Saturday, October 4, 2008
A script prepared by the British Broadcasting Corporation (BBC) and the Government of the United Kingdom in the 1970s, and released today, shows the text of the radio announcement that would be made in case of a nuclear attack on Britain.
The script was released by The National Archives, and it was discussed during the years from 1973 to 1975, as an act of preparation for a nuclear attack. This increased concern occurred due to the ongoing Cold War.
The script started by saying “This is the Wartime Broadcasting Service. This country has been attacked with nuclear weapons. Communications have been severely disrupted, and the number of casualties and the extent of the damage are not yet known. We shall bring you further information as soon as possible. Meanwhile, stay tuned to this wavelength, stay calm and stay in your own homes.” It emphasised people should not leave their homes: “Remember there is nothing to be gained by trying to get away. By leaving your homes you could be exposing yourselves to greater danger.”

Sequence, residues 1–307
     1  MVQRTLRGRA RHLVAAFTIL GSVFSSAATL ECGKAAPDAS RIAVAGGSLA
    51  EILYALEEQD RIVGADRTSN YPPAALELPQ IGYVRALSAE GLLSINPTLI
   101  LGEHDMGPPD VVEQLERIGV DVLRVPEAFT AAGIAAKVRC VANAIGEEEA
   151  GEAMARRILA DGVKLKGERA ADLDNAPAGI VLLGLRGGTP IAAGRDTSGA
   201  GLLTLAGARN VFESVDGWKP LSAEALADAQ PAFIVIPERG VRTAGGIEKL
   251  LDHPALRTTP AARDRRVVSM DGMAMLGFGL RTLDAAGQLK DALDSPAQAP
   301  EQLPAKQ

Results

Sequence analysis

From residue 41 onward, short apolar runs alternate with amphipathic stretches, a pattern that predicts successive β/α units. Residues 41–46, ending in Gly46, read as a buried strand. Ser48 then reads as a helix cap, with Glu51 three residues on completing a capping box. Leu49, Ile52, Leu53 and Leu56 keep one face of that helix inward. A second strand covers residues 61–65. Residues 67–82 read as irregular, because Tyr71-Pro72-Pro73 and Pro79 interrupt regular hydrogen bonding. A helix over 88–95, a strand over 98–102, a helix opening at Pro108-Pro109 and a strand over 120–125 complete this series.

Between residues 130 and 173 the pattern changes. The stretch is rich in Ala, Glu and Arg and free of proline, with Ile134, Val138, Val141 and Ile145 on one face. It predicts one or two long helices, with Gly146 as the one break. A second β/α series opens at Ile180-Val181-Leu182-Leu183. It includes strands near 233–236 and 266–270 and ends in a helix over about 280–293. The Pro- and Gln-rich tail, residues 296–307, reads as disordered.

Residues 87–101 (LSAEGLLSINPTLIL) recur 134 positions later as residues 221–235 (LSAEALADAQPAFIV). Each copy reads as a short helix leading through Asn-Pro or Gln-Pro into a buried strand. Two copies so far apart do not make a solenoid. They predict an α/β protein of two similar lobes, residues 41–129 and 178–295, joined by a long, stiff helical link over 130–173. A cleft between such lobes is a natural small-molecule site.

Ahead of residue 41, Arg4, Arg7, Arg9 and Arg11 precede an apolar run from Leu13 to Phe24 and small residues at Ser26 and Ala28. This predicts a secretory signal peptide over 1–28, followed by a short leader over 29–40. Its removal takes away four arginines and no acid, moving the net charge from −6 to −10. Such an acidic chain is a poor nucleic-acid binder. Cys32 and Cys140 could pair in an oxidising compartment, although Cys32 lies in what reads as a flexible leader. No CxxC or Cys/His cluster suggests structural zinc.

“If you leave, you may find yourself without food, without water, without accommodation and without protection. Radioactive fall-out, which follows a nuclear explosion, is many times more dangerous if you are directly exposed to it in the open. Roofs and walls offer substantial protection. The safest place is indoors.”
The script continued by telling citizens to “make sure gas and other fuel supplies are turned off and that all fires are extinguished,” before telling the listener to “use your water only for essential drinking and cooking purposes.”
“Make your food stocks last: ration your supply, because it may have to last for 14 days or more,” continued the script. “If you live in an area where a fall-out warning has been given, stay in your fall-out room until you are told it is safe to come out.”
The script finishes people by telling people to turn off their radio to conserve energy.
The documents were released under Britain’s Freedom of Information Act, and it also said that all reports should be given out in an authoritative and comforting tone. It also contains letters from the Ministry of Posts and Telecommunications which describe how the use of a familiar voice will assure listeners that the BBC has not been obliterated.